Ron Johnson and the Myth of “Punishing Success”

Senator Johnson has trouble deviating from talking points, and his myriad charts are often methodologically fallacious.

Considering how this man illegally financed his 9 million dollar Senate campaign with his disproportionately high severance pay from his old company, it does not surprise me that this man acts like he has all the answers. After all, he is where he is because of distorting Russ Feingold’s record and going negative, millions of dollars after millions of dollars (by the way, had that election occurred in a Presidential year, even one where a Republican won, Feingold would have won). Anyway, the amount of times Johnson uses revisionist economics, such as saying the Bush tax cuts and unfunded wars only accounted for 25% of the debt (neglecting to include Medicare Part D). In fact, nearly all of the pre-recession deficit was a result of those three factors, with larger economic forces such as health care inflation driving much of government spending (what is Johnson’s plan to lower health care costs? Other than tort reform and buying coverage across state lines?).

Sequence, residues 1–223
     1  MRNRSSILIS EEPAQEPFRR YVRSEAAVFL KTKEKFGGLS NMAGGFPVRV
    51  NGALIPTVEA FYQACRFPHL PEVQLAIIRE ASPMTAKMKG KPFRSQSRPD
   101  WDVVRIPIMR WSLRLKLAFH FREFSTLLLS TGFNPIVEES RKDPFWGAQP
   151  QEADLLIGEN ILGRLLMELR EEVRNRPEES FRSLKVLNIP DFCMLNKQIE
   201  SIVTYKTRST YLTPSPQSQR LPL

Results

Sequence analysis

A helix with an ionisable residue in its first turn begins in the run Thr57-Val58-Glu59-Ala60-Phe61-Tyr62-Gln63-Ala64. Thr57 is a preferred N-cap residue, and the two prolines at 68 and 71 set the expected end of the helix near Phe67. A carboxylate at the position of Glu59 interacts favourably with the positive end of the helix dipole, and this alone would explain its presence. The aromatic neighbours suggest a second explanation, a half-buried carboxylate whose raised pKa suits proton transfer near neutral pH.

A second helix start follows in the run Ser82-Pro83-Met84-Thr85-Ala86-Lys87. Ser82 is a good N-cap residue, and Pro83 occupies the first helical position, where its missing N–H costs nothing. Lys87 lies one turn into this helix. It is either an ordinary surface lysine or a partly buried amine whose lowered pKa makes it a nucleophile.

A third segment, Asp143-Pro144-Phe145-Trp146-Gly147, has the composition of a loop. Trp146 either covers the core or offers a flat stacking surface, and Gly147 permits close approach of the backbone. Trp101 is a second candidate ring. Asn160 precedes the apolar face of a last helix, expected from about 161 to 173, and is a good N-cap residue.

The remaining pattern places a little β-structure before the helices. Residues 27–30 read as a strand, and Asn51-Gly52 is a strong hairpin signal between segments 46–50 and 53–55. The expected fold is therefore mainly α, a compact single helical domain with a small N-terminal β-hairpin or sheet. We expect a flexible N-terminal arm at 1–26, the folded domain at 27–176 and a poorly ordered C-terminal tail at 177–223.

Anyway, there seems to be a fundamental fallacy that Johnson espouses frequently, which is that taxes are a punishment for being successful. If this is what someone believes, than why wouldn’t he propose an abolition of taxes? That’s right, because corny capitalism likes government contracts and defense spending, which Johnson is adamantly for.  Johnson is one of the most ideological, nonsensical legislators currently in the Senate. He will not be reelected as part of the Scott Walker cohort, as major distinctions can be made between Walker’s brand of conservative legislative prowess, and Johnson’s inability to pass anything of import. Johnson’s committment to obstructionism, elitism, and condescension embody the worst aspects of the GOP, and politicians as a whole.

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Posted on November 17, 2012, in Economics and tagged , , . Bookmark the permalink. Leave a comment.

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